What Are Dog’s Water Needs

Reviewed By Tom •  Updated: 11/21/22 •  4 min read
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What Are Dog's Water Needs

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A dog is completely independent to satisfy its water needs, which are important. Provided that he always has fresh, clean water at his disposal. Water keeps your dog’s essential electrolytes plentiful, which allows their circulation, digestion and bowel movements to function smoothly. As a dog owner, one must know a dog’s water needs.

Water needs according to weight

With a body composed of 80% water, the dog needs to drink throughout the day. This allows him to regulate his body temperature, protect his organs, joints and tissues, better digest, eliminate waste, etc. With the exception of puppies who, during the growth period, drink almost twice as much as adult dogs, the latter need a certain amount of water daily according to their weight.

According to bienchien.fr, dog needs 1 ounce of water for each pound of their body weight per day. Concretely, it is 60 to 70 ml per kilo. A dog weighing 3 kg will therefore need 180 to 220 ml, a 10 kg animal 600 to 700 ml, a 30 kg dog 1.80 to 2.20 liters. As for an 80 kg dog, he will drink more than 5 liters a day. The variation depends on several factors including dog food: the kibbles only provide a little water, the household ration a little more, and industrial food is composed of at least 70% water.

The age of the dog is also important: the puppy, as we have seen, drinks more but the older dog feels less thirsty. In any case, it is essential that the dog always has fresh, clean water available to it, which the owners will change at least every twelve hours.

Special cases

In some special cases, dogs need more water than usual.

If it’s very hot

Dogs don’t sweat like us in summer. Water will therefore play a major role in regulating its body temperature. As soon as it starts to get hot, you can install several bowls of fresh water that is changed more often in the house. On a walk, regular breaks will be required. In the car, you can use an atomizer or a wet cloth.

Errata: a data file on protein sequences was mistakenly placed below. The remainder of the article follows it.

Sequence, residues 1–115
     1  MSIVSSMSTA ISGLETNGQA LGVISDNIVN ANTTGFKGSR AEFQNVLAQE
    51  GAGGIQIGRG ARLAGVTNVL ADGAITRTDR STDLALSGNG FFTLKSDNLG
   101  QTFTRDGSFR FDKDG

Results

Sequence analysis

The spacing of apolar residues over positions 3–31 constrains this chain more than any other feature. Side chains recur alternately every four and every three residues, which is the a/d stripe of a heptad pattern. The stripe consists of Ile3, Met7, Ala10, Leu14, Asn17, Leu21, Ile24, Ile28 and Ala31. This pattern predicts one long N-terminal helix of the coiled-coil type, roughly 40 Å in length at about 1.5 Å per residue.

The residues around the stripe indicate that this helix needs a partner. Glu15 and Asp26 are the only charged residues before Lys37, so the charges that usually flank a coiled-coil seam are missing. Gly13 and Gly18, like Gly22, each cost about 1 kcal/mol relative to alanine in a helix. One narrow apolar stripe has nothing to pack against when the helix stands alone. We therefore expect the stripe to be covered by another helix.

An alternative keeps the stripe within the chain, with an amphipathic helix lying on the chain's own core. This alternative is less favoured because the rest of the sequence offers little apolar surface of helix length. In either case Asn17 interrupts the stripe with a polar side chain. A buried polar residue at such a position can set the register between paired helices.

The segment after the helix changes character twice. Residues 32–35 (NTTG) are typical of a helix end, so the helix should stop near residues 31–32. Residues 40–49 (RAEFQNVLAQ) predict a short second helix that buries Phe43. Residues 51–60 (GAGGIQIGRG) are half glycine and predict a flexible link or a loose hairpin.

Pregnant females

Pregnant females also need more water, especially in the second month. Their metabolism is then more active. This situation will continue throughout the breastfeeding period when the water, in addition to that which the female dog normally needs, will promote lactation.

What to do if your dog drinks too much or not enough

Except in the event of strong heat or if he has done a lot of exercise, a dog should not drink more than 100 ml per kg per day. Measuring the amount of water ingested by your animal is a simple exercise to carry out over two or three days: just fill its bowl with the help of a measuring cup and subtract with the same container of water you change.

If a dog drinks too much

Still, a dog that drinks too much is a dog that suffers from a condition called polydipsia. But if he drinks so much, he often urinates more and this can signal different diseases such as diabetes or kidney failure. A dog that spends its time drinking can also suffer from potomania, a behavioral disorder caused by high anxiety.

If a dog does not drink enough

Conversely, a dog who does not drink enough – while our companions manage their consumption themselves – is certainly a difficult dog. There is something wrong! It may be the bowl, the freshness of the water (change it more often) or even its taste (try with low mineralized spring water). Flavoring the water or even making ice cubes with gravy is a good way to entice a dog to drink more; they are fond of it!

Be aware of dehydration

The biggest risk to dogs is dehydration. The signs that your companion would then present are sunken eyes, a dry muzzle, just like the nostrils, a lack of appetite and apathy. It is possible to check that your dog is not dehydrated by doing the “skin fold test”. Lightly pinch the dog’s skin. If it snaps back into place right away, the dog is not dehydrated; if it takes a few seconds, there is onset of dehydration; longer, rush to the vet urgently. The vet will administer fluids intravenously, but also verify by additional examinations that the dehydration is not the symptom of a more serious illness.

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Tom has always loved to write since he was little - he wanted to be either a writer or a veterinary doctor, but he ended up being a professional writer while most of his works are based on animals. He was born in San Francisco but later moved to Texas to continue his job as a writer. He graduated from the University of San Francisco where he studied biotechnology. He is happily married and a soon to be father!

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